Thai-Style Fried Noodles with No Name (ก๋วยเตี๋ยวผัดนิรนาม)


Lest my friend M think that he’s the only one knowing how to turn the odds and ends in the fridge into a hit among friends, Nam Prik Pao Fried Rice with Pineapple and Shrimp, I thought I’d share my latest kitchen improvisation.

This fried noodle dish has no name. You can called it spicy Thai fried noodles with beef and broccoli, if that makes sense. I always call this “noodles with no name” just because it sounds like the American song, A Horse with No Name — the song that constantly reminds me how little I actually understand the English language.

Thai-Style Fried Noodles with No Name (ก๋วยเตี๋ยวผัดนิรนาม)
Serves 4
Printable Version

8 ounces dried rice sticks (the kind you use to make Pad Thai)
1 pound chuck eye steak (or beef tenderloin, if you’re rich)
1 tablespoon light or dark soy sauce
2 teaspoons baking soda
4-5 bird’s eye chilies (Your mileage may vary.)
5 medium cloves garlic
1/2 large yellow onion or 2 small ones
1/2 pound broccoli florets
1 1/2 tablespoons salted/salted soybean paste
2 tablespoons oyster sauce
1 tablespoon fish sauce
1 tablespoon sugar
1/4 cup water
2 tablespoons vegetable oil
1 cup Thai basil leaves (Italian is fine too), packed

  • Before doing anything else, soak the noodles. It will be a while before they’re ready, so allow time accordingly (see tips on how to prepare dried rice noodles).
  • Slice the beef thinly across the grain, put it in a bowl, add the dark soy sauce and baking soda to it, mix thoroughly, and let it marinate while working on the other ingredients.
  • Peel the garlic and remove the stems from the bird’s eye chilies. If you have a mortar, pound the two ingredients into a paste. If not, mince them finely with a knife. Set the mixture aside.
  • Peel and slice the onion(s) into 1/4-inch slices; set aside.
  • In a small bowl, mix together the salted/fermented soybean paste, oyster sauce, fish sauce, sugar,and water; set aside.
  • Drain the noodles.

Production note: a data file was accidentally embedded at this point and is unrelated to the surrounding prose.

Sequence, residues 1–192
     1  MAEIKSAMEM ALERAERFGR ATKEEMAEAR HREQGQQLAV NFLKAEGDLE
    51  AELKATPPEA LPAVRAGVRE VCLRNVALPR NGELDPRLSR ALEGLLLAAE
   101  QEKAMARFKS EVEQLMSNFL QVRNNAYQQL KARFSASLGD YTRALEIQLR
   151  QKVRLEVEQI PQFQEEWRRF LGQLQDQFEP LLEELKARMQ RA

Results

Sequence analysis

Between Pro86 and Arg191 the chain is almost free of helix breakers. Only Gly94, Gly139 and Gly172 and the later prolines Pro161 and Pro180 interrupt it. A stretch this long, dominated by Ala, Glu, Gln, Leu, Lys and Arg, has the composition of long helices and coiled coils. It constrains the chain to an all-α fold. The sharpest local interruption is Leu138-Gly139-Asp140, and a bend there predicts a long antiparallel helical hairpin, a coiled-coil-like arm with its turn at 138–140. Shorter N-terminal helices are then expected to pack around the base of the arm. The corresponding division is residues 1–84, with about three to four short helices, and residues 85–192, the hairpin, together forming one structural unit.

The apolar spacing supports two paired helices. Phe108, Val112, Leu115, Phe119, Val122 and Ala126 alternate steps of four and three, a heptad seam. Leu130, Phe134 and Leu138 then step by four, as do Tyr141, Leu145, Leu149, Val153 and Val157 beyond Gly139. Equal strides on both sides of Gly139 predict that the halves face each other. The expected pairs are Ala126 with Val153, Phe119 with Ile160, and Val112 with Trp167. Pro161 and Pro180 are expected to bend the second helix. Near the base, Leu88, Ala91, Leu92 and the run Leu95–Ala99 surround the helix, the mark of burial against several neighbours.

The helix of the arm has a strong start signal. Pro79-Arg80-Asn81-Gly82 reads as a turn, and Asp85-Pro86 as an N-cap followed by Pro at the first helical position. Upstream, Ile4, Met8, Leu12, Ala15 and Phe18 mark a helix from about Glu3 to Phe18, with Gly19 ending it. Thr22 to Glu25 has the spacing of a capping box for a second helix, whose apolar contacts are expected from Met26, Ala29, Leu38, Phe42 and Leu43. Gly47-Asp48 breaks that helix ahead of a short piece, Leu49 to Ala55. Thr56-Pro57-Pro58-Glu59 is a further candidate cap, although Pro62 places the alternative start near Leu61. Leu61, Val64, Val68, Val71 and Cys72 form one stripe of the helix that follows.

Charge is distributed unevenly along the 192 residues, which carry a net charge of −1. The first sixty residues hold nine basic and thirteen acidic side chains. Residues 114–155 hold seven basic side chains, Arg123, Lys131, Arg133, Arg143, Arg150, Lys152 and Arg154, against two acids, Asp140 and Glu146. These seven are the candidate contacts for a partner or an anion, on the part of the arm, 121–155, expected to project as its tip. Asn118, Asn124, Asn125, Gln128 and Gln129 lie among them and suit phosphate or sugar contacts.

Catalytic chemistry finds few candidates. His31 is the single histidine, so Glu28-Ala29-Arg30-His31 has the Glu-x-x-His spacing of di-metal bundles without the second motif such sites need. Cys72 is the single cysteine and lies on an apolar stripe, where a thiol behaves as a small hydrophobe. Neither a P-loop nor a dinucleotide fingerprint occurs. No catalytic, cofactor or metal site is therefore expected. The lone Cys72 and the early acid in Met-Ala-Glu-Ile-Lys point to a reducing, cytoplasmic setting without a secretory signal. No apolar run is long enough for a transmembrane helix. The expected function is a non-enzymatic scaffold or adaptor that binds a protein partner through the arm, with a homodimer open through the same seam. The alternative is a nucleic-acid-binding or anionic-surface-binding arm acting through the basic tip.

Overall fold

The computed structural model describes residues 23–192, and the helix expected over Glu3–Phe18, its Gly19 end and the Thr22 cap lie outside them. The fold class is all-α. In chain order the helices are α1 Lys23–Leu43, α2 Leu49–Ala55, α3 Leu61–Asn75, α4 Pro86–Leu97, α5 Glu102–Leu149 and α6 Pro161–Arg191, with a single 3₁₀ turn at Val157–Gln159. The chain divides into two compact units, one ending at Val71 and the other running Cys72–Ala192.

• Set a large saute pan over high heat. Once the pan is hot, add the vegetable oil, followed by the marinated beef. With the tip of your spatula, separate the beef pieces from each other. Allow the beef the brown, undisturbed, on one side. Flip the beef pieces and let the other side brown.
  • Add the garlic-chili paste to the pan; stir. Once the garlic becomes fragrant, add the onion slices; stir until they are somewhat translucent, about 2 minutes.
  • Now decide whether you like your broccoli (a) tender crisp or (b) somewhat soft in a stir-fried noodle dish like this. If (b), add the broccoli florets to the pan now and cook until they’ve softened up a bit. Then add the drained noodles followed by the pre-mixed sauce. Stir-fry until the noodles are soft and chewy (it may be necessary to add a bit more water to the pan).
  • If (a), add the drained noodles and the pre-mixed sauce to the pan; stir-fry. Once the noodles are almost done, add the broccoli florets and continue to fry until the noodles are done and the broccoli is tender-crisp (more water may be necessary).
  • Once the noodles are ready, turn off the heat and stir in the basil leaves.

6 Responses to Thai-Style Fried Noodles with No Name (ก๋วยเตี๋ยวผัดนิรนาม)

  1. June 26, 2012 at 2:22 am #

    Love the recipe! I also like to cook with fermented soybean sauce or paste as it adds so much umami and aroma to a dish.

  2. furtherchirps June 28, 2012 at 3:52 am #

    Hi there … just a comment … do you know that Horse stood for heroin in Neil Young’s song ‘Horse With No Name’? I’m commenting because out of all that literality you have created, the actual experience of using heroin is actually what this is about – quite aside from all the meanings/interpretation that are done so exquisitely on your part 🙂 I totally adore your posts by the way … they are the best in the entire world of blogging – thank you so much for them and the wonderful way you write!

  3. love cooking July 10, 2012 at 1:20 pm #

    This looks really yummy. Sometimes, I like to add some chicken or beef broth when stir fry noodle. It gives noodles really nice flavor. 🙂

  4. Amber July 14, 2012 at 3:52 pm #

    Making this for lunch today! Thanks for the great recipes Leela.

  5. Scott January 17, 2013 at 8:34 pm #

    We’d like to make this tomorrow, but our dish need to be gluten-free. Any ideas on what we could use instead of the fermented soybean paste, since that contains wheat?

    • Leela January 17, 2013 at 8:41 pm #

      Scott, sometimes rice flour is used to ferment the soy, but to be on the safe side, leave it out entirely and increase more fish sauce (to taste) to make up for the loss of salinity. Or you replace the fermented soybeans with the same amount of gluten-free miso if you some lying around (in which case, keep the fish sauce amount the same).